Your browser doesn't support javascript.
loading
Mostrar: 20 | 50 | 100
Resultados 1 - 20 de 234
Filtrar
3.
Nat Med ; 27(2): 239-243, 2021 02.
Artigo em Inglês | MEDLINE | ID: mdl-33479500

RESUMO

Substantial global effort has been devoted to curtailing the tobacco epidemic over the past two decades, especially after the adoption of the Framework Convention on Tobacco Control1 by the World Health Organization in 2003. In 2015, in recognition of the burden resulting from tobacco use, strengthened tobacco control was included as a global development target in the 2030 Agenda for Sustainable Development2. Here we show that comprehensive tobacco control policies-including smoking bans, health warnings, advertising bans and tobacco taxes-are effective in reducing smoking prevalence; amplified positive effects are seen when these policies are implemented simultaneously within a given country. We find that if all 155 countries included in our counterfactual analysis had adopted smoking bans, health warnings and advertising bans at the strictest level and raised cigarette prices to at least 7.73 international dollars in 2009, there would have been about 100 million fewer smokers in the world in 2017. These findings highlight the urgent need for countries to move toward an accelerated implementation of a set of strong tobacco control practices, thus curbing the burden of smoking-attributable diseases and deaths.


Assuntos
Política de Saúde/legislação & jurisprudência , Política Pública/legislação & jurisprudência , Fumar/legislação & jurisprudência , Tabaco/efeitos adversos , Adolescente , Adulto , Feminino , Política de Saúde/economia , Humanos , Masculino , Pessoa de Meia-Idade , Política Pública/economia , Fumar/economia , Fumar/epidemiologia , Fumar/psicologia , Impostos , Organização Mundial da Saúde/economia , Adulto Jovem
13.
Nat Med ; 26(7): 1005-1008, 2020 07.
Artigo em Inglês | MEDLINE | ID: mdl-32528155
20.
Anesth Analg ; 130(5): 1425-1434, 2020 05.
Artigo em Inglês | MEDLINE | ID: mdl-31856007

RESUMO

BACKGROUND: Surgical safety has advanced rapidly with evidence of improved patient outcomes through structural and process interventions. However, knowledge of how to apply these interventions successfully and sustainably at scale is often lacking. The 2019 Global Ministerial Patient Safety Summit called for a focus on implementation strategies to maintain momentum in patient safety improvements, especially in low- and middle-income settings. This study uses an implementation framework, knowledge to action, to examine a model of nationwide World Health Organization (WHO) Surgical Safety Checklist implementation in Cameroon. Cameroon is a lower-middle-income country, and based on data from high- and low-income countries, we hypothesized that more than 50% of participants would be using the checklist (penetration) in the correct manner (fidelity) 4 months postintervention. METHODS: A collaboration of 3 stakeholders (Ministry of Health, academic institution, and nongovernmental organization) used a prospective observational design. Based on knowledge to action, there were 3 phases to the study implementation: problem identification (lack of routine checklist use in Cameroonian hospitals), multifaceted implementation strategy (3-day multidisciplinary training course, coaching, facilitated leadership engagement, and support networks), and outcome evaluation 4 months postintervention. Validated implementation outcomes were assessed. Primary outcomes were checklist use (penetration) and fidelity; secondary outcomes were perioperative teams' reactions, learning and behavior change; and tertiary outcomes were perioperative teams' acceptability of the checklist. RESULTS: Three hundred and fifty-one operating room staff members from 25 hospitals received training. Median time to evaluation was 4.5 months (interquartile range [IQR]: 4.5-5.5, range 3-7); checklist use (penetration) increased from 20% (95% confidence interval [CI], 16-25) to 56% (95% CI, 49-63); fidelity for adherence to 6 basic safety processes was high: verification of patient identification was 91% (95% CI, 87-95); risk assessment for difficult intubation was 79% (95% CI, 73-85): risk assessment for blood loss was 88% (95% CI, 83-93) use of pulse oximetry was 93% (95% CI, 90-97); antibiotic administration was 95% (95% CI, 91-98); surgical counting was 89% (95% CI, 84-93); and fidelity for nontechnical skills measured by the WHO Behaviorally Anchored Rating Scale was 4.5 of 7 (95% CI, 3.5-5.4). Median scores for all secondary outcomes were 10/10, and 7 acceptability measures were consistently more than 70%. CONCLUSIONS: This study shows that a multifaceted implementation strategy is associated with successful checklist implementation in a lower-middle-income country such as Cameroon, and suggests that a theoretical framework can be used to practically drive nationwide scale-up of checklist use.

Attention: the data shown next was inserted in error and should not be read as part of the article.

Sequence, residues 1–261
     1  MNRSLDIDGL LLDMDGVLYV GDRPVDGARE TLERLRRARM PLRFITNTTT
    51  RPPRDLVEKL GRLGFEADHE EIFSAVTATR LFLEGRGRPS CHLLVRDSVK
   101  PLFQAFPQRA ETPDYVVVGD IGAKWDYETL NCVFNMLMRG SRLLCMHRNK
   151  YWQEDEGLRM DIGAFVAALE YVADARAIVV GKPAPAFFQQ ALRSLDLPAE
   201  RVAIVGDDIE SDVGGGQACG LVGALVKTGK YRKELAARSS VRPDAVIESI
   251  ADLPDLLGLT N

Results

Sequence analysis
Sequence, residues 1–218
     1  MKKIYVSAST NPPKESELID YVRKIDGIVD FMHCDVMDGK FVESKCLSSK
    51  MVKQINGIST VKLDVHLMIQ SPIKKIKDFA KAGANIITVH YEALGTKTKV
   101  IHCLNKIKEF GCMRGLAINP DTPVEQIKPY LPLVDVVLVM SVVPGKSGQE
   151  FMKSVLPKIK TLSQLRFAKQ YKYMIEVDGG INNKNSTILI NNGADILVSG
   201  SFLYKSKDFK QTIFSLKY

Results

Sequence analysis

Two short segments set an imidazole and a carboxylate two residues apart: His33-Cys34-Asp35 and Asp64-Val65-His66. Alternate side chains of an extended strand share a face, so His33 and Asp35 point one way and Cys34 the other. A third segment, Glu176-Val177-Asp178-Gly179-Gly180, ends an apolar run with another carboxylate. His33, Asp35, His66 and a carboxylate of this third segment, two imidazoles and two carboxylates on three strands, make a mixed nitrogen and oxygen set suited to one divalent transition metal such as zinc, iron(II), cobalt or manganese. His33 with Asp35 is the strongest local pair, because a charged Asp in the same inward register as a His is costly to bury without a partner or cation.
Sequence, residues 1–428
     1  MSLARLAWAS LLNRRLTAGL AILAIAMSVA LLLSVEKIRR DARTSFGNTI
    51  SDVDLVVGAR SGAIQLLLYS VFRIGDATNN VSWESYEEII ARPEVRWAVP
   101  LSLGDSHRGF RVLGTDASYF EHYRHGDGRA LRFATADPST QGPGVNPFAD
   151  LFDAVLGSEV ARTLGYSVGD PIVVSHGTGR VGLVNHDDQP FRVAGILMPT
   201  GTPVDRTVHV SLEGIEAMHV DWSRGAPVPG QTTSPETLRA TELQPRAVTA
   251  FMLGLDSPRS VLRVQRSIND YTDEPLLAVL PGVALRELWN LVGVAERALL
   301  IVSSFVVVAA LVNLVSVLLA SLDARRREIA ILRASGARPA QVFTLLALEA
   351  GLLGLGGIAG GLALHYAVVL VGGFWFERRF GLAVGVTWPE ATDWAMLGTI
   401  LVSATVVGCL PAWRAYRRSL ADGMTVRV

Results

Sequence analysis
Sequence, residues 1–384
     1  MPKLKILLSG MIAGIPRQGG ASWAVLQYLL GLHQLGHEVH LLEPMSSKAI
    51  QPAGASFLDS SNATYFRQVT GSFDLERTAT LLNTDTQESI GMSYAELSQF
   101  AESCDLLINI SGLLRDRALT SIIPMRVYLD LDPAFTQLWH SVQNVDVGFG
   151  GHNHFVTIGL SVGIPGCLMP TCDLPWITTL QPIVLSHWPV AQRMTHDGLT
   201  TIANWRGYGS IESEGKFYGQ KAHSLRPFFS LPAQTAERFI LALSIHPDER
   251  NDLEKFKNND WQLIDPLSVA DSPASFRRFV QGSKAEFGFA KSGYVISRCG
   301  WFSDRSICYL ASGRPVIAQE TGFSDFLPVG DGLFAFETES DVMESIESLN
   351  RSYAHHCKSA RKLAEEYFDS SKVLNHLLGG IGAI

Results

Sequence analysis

Assuntos
Lista de Checagem/normas , Conhecimentos, Atitudes e Prática em Saúde , Salas Cirúrgicas/normas , Segurança do Paciente/normas , Organização Mundial da Saúde , Camarões/epidemiologia , Lista de Checagem/economia , Humanos , Salas Cirúrgicas/economia , Segurança do Paciente/economia , Recursos Humanos em Hospital/economia , Recursos Humanos em Hospital/normas , Estudos Prospectivos , Organização Mundial da Saúde/economia
SELEÇÃO DE REFERÊNCIAS
DETALHE DA PESQUISA
...